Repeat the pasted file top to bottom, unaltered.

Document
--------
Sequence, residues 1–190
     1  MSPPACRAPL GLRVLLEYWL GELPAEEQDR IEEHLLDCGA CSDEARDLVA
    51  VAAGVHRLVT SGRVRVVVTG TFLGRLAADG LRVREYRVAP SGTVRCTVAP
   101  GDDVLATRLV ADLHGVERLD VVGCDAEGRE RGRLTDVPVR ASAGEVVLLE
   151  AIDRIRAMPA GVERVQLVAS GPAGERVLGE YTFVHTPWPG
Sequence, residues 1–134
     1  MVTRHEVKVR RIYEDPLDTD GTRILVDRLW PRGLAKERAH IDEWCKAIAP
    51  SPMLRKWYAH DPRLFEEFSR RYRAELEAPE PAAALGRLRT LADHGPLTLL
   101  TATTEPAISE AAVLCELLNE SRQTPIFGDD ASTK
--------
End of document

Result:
Sequence, residues 1–190
     1  MSPPACRAPL GLRVLLEYWL GELPAEEQDR IEEHLLDCGA CSDEARDLVA
    51  VAAGVHRLVT SGRVRVVVTG TFLGRLAADG LRVREYRVAP SGTVRCTVAP
   101  GDDVLATRLV ADLHGVERLD VVGCDAEGRE RGRLTDVPVR ASAGEVVLLE
   151  AIDRIRAMPA GVERVQLVAS GPAGERVLGE YTFVHTPWPG
Sequence, residues 1–134
     1  MVTRHEVKVR RIYEDPLDTD GTRILVDRLW PRGLAKERAH IDEWCKAIAP
    51  SPMLRKWYAH DPRLFEEFSR RYRAELEAPE PAAALGRLRT LADHGPLTLL
   101  TATTEPAISE AAVLCELLNE SRQTPIFGDD ASTK